Re: Looking for advice about enhancing our Friends policy
From: Eris Weaver (
Date: Tue, 22 Jan 2008 07:38:18 -0800 (PST)
Jonnie Pekelny wrote:
                > I'd love to hear stories of Friends networks that work.
How do you  
                > get Friends involved in your community? How much access to
                > forums/mailing lists, whatever, do you give them, and how
do you  
                > keep those lists active? 

To which Sharon Villines replied:
                > I think at some point you have to get the everyone to fish
or cut  
                > bait. 

Eris speaking now. <soapbox on>

I think it is VERY important to think/discuss/agree about the PURPOSE of
your Friends network, Associate Membership policy, etc.  

I personally think the primary purpose should be to give new folks a chance
to "try on" the community on their way to becoming full members. There still
needs to be some sort of financial buy-in, and there should be some limits
on their decision-making participation. It may also be useful to have a time
limit, as to how long folks can be Friends/Associates before they fish or
cut bait, e.g. become full members or leave. You don't want folks who are
never going to move in to suck energy from the group, influence decisions
under which they will never live, etc.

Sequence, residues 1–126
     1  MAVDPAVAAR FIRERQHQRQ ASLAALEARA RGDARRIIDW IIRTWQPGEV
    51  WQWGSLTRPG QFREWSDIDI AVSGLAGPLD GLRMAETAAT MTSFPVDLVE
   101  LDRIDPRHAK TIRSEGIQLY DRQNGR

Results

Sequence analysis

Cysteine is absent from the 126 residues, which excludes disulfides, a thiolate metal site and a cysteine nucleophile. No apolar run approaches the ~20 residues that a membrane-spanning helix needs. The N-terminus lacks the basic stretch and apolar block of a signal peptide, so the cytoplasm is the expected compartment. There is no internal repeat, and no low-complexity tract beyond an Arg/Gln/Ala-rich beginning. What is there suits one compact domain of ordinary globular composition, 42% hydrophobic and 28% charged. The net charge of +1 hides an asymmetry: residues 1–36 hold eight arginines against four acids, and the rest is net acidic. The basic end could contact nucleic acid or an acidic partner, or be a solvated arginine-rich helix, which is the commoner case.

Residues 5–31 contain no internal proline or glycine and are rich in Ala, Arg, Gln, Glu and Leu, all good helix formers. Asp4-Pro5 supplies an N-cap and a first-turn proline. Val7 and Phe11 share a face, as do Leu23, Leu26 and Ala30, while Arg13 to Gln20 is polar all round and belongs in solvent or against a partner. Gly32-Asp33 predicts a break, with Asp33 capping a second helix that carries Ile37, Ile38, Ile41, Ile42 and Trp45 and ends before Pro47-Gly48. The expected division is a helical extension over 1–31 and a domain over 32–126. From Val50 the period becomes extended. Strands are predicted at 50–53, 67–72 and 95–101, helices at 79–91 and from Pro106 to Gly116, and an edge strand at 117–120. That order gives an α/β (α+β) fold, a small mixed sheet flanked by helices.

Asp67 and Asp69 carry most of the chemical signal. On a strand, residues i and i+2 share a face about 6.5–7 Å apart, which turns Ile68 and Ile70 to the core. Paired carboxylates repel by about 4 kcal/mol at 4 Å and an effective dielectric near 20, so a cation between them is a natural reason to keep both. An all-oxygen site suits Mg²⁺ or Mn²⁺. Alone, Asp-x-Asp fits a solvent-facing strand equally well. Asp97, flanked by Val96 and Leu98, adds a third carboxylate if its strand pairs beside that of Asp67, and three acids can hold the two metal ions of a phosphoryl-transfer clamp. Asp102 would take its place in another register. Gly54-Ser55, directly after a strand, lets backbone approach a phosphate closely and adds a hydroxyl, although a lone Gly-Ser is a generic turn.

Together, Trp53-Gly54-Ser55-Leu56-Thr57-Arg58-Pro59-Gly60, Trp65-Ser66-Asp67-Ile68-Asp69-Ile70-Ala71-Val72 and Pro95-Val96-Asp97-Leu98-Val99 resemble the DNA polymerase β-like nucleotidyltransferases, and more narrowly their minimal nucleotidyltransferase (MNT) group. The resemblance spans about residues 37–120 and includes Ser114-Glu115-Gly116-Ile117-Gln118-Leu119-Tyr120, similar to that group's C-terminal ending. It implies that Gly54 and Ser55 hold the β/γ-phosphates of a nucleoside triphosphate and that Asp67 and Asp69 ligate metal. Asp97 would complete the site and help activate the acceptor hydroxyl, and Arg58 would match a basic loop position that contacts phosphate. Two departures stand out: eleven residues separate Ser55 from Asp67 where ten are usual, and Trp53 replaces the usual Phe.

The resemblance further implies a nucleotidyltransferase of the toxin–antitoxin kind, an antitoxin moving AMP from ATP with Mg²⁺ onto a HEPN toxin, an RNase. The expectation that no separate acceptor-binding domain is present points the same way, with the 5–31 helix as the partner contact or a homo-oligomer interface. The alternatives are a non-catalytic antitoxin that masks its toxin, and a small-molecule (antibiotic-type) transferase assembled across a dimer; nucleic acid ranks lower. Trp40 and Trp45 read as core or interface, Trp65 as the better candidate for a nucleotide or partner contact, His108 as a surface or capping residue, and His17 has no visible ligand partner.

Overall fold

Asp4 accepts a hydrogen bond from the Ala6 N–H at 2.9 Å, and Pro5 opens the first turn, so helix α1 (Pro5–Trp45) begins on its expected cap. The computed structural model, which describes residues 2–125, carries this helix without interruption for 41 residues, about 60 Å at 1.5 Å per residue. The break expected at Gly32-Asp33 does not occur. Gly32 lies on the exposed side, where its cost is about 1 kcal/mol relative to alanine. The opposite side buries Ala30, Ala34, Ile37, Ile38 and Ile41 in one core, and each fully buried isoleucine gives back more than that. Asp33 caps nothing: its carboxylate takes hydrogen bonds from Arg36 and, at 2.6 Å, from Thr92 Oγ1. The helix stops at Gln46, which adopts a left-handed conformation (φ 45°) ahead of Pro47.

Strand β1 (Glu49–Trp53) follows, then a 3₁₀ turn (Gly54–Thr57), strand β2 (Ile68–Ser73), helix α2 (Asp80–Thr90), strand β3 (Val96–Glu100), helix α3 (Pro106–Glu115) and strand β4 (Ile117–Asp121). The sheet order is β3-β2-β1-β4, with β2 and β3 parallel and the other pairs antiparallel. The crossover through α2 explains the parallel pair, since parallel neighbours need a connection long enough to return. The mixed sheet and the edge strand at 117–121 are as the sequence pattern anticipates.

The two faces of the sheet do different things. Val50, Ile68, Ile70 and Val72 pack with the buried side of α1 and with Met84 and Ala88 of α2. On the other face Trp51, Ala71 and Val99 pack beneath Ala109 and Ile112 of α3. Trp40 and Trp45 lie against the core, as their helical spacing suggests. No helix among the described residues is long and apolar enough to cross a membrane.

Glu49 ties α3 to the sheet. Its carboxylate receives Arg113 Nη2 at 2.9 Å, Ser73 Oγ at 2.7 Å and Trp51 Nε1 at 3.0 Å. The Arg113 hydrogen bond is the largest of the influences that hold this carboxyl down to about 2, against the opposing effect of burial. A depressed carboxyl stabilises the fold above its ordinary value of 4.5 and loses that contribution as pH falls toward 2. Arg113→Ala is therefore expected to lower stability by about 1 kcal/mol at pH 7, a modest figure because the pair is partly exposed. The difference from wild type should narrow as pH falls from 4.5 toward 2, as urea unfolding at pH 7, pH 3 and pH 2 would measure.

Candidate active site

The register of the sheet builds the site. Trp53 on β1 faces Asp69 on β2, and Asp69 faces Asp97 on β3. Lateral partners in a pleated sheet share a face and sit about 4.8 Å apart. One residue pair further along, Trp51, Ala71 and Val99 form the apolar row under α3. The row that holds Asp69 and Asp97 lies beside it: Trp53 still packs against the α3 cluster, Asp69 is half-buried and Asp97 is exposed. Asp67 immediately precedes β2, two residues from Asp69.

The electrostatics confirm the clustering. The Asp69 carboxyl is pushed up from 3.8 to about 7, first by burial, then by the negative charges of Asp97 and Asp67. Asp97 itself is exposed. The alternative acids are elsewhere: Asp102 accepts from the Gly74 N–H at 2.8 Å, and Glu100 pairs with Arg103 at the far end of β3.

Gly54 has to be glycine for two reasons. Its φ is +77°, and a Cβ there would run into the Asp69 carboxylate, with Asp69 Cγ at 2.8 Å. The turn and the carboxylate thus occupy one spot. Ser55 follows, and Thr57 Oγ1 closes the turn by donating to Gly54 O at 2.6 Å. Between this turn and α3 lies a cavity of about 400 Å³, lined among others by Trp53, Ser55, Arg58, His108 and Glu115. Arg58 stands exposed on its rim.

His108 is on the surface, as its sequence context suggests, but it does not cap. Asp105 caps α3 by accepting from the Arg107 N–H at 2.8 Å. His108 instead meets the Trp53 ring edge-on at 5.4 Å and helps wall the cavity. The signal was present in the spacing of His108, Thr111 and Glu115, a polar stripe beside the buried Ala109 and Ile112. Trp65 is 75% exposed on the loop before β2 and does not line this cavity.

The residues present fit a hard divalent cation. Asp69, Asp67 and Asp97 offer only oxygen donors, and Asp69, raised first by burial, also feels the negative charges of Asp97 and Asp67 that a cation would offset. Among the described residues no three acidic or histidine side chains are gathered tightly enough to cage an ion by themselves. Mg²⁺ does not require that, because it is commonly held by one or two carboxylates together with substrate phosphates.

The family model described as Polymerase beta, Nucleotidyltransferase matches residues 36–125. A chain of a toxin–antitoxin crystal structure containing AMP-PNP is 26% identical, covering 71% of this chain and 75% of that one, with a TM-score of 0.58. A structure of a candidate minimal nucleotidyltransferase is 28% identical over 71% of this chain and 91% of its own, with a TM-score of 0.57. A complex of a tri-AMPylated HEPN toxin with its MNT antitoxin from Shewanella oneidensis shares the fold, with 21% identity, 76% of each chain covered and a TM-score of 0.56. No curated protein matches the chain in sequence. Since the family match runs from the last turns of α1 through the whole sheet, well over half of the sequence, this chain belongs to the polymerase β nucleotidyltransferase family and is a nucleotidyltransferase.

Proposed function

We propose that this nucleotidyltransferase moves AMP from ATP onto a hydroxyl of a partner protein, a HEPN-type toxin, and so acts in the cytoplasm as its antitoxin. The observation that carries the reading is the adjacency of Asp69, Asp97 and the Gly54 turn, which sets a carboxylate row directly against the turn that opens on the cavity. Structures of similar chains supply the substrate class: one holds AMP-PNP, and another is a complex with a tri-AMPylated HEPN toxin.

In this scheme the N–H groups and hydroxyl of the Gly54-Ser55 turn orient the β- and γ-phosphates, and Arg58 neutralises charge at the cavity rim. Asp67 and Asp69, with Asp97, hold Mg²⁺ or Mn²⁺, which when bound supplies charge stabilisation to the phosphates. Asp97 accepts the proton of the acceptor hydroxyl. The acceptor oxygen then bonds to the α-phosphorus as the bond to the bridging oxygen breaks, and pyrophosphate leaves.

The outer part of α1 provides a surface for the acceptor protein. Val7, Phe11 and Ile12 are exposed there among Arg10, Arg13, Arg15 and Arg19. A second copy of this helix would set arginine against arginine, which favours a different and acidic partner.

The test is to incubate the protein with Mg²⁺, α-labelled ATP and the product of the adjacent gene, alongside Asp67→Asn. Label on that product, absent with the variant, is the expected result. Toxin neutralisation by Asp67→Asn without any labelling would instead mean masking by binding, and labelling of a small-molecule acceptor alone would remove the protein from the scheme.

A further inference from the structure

During my own community's forming & developing stages, we had a two-tiered
structure - Full & Associate members. There were members who wanted a third
Friends category (although we called it something else, I can't quite
remember what). These were the friends, supporters, folks who wanted to be
involved in social events, etc. Some folks still think we should have a more
formal structure now for folks like this (including "alumni" who have lived
here but don't anymore). We never went there, I think because nobody could
satisfactorily answer this question: How would having this category of
membership SERVE OUR COMMUNITY? Will it make our job of getting this place
built easier or happier? Will it help us to function better? Sure, cohousers
are cool people and lots of our friends like to hang out on our fringes - we
welcome them to some social functions, especially when they bring good food
& drinks<grin>.  But when you are in the phase of working your butts off,
investing your life savings, making big decisions about how you are going to
live together - you don't want to waste time and energy trying to somehow
meet the needs/wants of folks who aren't going to ever be a part of that.

I think part of what happens here is that we are all idealistic people and
we don't just want a nice place for ourselves to live, we want to change the
world…so we think we have to be all things to all  people who are interested
in hanging out with us. But we can't do everything at once, and while we are
spending all of our resources finding land, designing, building, etc. we
really need to take care of ourselves and focus on getting the current work
done without distractions.

<soapbox off>

Eris Weaver, Facilitator & Group Process Consultant
eris [at]

fa cil' i tāt: to make easier

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